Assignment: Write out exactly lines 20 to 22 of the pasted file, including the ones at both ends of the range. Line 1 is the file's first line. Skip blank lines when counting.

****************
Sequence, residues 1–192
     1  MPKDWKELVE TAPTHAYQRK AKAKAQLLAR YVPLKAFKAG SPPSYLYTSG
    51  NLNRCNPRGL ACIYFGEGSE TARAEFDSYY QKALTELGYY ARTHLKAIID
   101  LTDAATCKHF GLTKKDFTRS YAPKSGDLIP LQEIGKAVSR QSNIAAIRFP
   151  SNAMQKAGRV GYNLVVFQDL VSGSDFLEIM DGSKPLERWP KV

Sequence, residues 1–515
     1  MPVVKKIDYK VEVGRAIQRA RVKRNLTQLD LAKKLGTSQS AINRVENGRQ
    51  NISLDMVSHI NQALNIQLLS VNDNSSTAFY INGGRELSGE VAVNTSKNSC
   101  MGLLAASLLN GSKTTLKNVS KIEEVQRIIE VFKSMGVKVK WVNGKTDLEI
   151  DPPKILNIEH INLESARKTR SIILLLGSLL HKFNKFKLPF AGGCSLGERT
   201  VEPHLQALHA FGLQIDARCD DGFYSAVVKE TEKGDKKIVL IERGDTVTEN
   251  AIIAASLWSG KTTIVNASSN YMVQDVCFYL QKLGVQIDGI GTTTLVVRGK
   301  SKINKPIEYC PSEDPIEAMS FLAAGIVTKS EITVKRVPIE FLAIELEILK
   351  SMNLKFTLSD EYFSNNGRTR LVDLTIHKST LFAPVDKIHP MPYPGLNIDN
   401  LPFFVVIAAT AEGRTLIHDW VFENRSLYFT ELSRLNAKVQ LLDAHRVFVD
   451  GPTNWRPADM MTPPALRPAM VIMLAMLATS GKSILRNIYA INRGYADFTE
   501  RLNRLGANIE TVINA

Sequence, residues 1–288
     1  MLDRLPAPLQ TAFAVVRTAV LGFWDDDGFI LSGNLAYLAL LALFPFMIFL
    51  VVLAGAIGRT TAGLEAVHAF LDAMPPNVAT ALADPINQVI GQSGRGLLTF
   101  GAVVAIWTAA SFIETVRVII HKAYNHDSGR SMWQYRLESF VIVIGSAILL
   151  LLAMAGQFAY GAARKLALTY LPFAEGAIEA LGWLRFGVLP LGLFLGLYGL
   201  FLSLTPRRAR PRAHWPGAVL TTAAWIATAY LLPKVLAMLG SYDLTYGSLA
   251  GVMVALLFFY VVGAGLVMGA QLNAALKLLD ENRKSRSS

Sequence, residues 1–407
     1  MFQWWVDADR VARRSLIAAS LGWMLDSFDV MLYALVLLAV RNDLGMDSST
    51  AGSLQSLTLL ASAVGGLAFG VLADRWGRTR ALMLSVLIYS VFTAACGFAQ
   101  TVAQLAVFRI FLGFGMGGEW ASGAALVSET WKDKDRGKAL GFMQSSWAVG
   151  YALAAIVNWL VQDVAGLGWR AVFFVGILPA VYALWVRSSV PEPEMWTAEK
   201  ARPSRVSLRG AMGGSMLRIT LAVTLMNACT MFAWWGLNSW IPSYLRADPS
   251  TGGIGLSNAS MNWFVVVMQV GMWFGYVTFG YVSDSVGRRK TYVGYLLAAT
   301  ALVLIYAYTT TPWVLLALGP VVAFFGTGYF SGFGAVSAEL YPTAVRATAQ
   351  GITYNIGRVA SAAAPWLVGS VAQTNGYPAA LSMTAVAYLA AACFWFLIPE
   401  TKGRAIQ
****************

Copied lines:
    51  VVLAGAIGRT TAGLEAVHAF LDAMPPNVAT ALADPINQVI GQSGRGLLTF
   101  GAVVAIWTAA SFIETVRVII HKAYNHDSGR SMWQYRLESF VIVIGSAILL
   151  LLAMAGQFAY GAARKLALTY LPFAEGAIEA LGWLRFGVLP LGLFLGLYGL